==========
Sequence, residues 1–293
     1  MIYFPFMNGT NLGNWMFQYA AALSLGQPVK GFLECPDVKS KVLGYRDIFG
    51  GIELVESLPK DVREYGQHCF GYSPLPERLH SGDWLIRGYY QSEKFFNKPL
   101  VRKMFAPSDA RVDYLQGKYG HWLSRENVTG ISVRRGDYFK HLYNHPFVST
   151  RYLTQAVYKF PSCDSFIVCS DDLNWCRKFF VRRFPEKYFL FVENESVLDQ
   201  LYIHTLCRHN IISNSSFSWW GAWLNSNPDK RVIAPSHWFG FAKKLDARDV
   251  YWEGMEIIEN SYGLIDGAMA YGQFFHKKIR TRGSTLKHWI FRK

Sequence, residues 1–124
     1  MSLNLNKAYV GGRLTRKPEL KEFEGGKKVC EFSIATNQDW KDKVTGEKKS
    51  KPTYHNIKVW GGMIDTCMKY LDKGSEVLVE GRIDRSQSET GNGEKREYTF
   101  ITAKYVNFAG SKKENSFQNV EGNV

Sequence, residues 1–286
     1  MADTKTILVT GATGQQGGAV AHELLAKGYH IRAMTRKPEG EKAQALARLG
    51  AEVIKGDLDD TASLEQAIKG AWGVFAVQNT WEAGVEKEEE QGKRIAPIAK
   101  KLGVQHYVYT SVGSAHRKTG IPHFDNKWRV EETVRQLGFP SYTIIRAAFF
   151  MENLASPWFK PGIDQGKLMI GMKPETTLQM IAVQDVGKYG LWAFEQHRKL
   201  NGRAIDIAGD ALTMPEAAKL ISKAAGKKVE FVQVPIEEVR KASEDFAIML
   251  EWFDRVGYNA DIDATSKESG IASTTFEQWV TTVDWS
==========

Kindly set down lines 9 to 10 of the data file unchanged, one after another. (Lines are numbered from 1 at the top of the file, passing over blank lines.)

     1  MSLNLNKAYV GGRLTRKPEL KEFEGGKKVC EFSIATNQDW KDKVTGEKKS
    51  KPTYHNIKVW GGMIDTCMKY LDKGSEVLVE GRIDRSQSET GNGEKREYTF